Session Name: Poster Session D: Late Breaking
Session Type: Poster Session
Date: Tuesday, June 4, 2019
Session Time: 6:00pm-7:00pm
Presentation Time: 6:00pm-7:00pm
Location: Hall C & D
*Purpose: Hepatocellular carcinoma (HCC) is the fastest rising cause of cancer-related mortality in the US and a leading indication for liver transplant (LT). Direct acting anti-HCV therapy (DAA) and the rising burden of NASH have led to the aging of the LT population – whether this differentially impacts HCC patients (pts) is unknown.
*Methods: Using UNOS/OPTN data, we analyzed all pts≥18y listed for LT from 2003-17. Pts were grouped by age at listing (<65y or ≥65y). Nonparametric tests and standardized regression coefficients were used to compare time trends between HCC and non-HCC pts, stratified by disease etiology. Cox regression associated HCC and age with post-LT mortality.
*Results: Included were 161,724 LT candidates: 14% were ≥65y at listing; 25% were listed with HCC exceptions. Among those without HCC, the %≥65y rose from 8% in 2003 to 17% in 2017 (ß=0.64, p<0.001); among those with HCC, the %≥65y rose from 14% in 2003 to 33% in 2017 (ß=1.44, p<0.001) (Figure 1A). Among pts with HCV, the %≥65y with HCC rose significantly more rapidly (ß=1.41, p<0.001) than in pts without HCC (ß=0.52, Δ=0.89, p<0.001). A similar trend was seen in those with NASH (Δ=0.68, p<0.001) and those with non-HCV/non-NASH cirrhosis (Δ = 0.77, p<0.001), though trend differences were smaller (Figure 1B).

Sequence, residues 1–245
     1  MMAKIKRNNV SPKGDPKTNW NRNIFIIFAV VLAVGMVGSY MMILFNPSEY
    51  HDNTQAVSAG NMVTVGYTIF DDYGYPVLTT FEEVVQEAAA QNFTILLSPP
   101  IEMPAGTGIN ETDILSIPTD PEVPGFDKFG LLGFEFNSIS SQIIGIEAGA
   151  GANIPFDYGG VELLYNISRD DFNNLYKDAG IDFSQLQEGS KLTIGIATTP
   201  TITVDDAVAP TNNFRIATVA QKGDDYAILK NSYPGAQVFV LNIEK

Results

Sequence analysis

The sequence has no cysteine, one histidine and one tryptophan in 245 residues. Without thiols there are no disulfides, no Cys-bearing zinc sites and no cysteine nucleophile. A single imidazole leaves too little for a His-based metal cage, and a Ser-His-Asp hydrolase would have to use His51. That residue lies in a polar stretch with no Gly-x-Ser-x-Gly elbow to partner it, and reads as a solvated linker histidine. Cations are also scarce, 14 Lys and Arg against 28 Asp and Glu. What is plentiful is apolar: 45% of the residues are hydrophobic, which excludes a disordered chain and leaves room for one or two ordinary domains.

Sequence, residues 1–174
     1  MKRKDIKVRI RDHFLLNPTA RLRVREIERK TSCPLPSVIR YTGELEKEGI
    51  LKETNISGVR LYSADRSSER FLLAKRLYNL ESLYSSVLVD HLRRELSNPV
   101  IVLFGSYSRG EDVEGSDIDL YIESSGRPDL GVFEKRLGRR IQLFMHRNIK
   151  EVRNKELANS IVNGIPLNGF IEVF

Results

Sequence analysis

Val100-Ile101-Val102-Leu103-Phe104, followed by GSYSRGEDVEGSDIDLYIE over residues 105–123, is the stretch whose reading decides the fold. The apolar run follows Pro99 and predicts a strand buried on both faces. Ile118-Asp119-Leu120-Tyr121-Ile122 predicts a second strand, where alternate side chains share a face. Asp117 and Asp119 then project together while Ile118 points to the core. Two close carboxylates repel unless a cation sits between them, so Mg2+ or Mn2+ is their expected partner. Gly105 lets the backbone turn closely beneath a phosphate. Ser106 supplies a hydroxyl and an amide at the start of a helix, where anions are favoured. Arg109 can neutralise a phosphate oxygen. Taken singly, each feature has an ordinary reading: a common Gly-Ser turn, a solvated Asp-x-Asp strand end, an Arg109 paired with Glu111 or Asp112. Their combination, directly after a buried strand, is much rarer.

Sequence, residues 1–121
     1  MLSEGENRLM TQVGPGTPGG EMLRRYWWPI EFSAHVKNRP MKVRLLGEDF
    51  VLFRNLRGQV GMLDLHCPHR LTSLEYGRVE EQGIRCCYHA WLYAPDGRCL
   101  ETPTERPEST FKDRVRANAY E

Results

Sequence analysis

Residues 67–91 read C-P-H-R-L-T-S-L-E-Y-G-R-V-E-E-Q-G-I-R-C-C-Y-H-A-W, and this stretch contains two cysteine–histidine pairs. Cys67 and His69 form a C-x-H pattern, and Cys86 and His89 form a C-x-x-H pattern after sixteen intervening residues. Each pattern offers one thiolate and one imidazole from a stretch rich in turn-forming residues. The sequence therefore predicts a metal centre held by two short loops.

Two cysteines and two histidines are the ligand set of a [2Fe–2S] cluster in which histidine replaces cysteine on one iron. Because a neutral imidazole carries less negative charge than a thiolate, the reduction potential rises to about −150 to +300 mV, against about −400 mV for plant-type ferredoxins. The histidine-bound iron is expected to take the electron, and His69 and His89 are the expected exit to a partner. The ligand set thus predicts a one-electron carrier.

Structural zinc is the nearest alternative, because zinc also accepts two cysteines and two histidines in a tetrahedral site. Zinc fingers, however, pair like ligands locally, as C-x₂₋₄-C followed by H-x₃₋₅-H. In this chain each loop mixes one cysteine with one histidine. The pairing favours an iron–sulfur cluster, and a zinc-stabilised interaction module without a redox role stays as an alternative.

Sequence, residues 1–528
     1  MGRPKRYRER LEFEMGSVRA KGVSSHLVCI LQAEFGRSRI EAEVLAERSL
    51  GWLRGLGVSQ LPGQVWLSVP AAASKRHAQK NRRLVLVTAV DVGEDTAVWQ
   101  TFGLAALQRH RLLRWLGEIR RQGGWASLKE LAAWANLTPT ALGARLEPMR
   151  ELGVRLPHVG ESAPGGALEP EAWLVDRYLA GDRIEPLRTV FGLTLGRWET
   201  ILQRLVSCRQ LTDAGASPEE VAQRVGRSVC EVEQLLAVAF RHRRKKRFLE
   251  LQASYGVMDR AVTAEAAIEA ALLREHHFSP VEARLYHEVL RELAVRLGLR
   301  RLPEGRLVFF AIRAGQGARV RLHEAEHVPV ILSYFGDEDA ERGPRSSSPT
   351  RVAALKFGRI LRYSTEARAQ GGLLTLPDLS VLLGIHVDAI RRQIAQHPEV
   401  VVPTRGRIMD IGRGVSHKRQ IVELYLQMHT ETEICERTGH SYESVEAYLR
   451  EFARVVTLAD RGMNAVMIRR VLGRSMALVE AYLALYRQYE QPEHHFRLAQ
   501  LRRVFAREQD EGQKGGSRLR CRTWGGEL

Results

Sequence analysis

Among all patients who underwent LT, in univariable regression, both HCC (SHR 1.13, 95CI 1.10-1.17) and age ≥65y (SHR 1.39, 95CI 1.33-1.44) were associated with increased mortality [p<0.001 for both]. In multivariable analysis, after adjustment for etiology, lab MELD, region, and donor risk index, both HCC (aSHR 1.16) and age ≥65y (aSHR 1.48) remained significantly associated with post-LT mortality (p <0.001 for both). Importantly, we observed a significant interaction between HCC and age ≥65y on post-LT mortality (p=0.04): among pts <65y, HCC conferred on average a 42% (30-54%) increased risk of post-LT mortality (p<0.001), but in those ≥65y, HCC did not confer any added risk 25% (-4-55%). Among pts with HCC who underwent LT, 1- and 5-year survival rates were similar for pts <65y (92% and 80%) and ≥65y (90% and 79%).
*Conclusions: The population of LT pts with HCC is rising at a rate that is over 2x faster than those without HCC – one-third of pts listed for HCC were ≥65y in 2017. This trend appears to be driven greatest by those with HCV and NASH. Although older age is associated with worse post-LT outcomes, our data suggest that the risk of age on post-LT mortality is significantly lower in HCC than non-HCC pts. Thus, the rapidly growing population of older adults with HCC may provide an opportunity for expanding LT access without compromising post-LT outcomes.
To cite this abstract in AMA style:Rubin JB, Cullaro G, Mehta N, Lai JC. The Rapidly Aging Population of Liver Transplant Patients with Hepatocellular Carcinoma [abstract]. Am J Transplant. 2019; 19 (suppl 3). https://atcmeetingabstracts.com/abstract/the-rapidly-aging-population-of-liver-transplant-patients-with-hepatocellular-carcinoma/. Accessed June 26, 2022.
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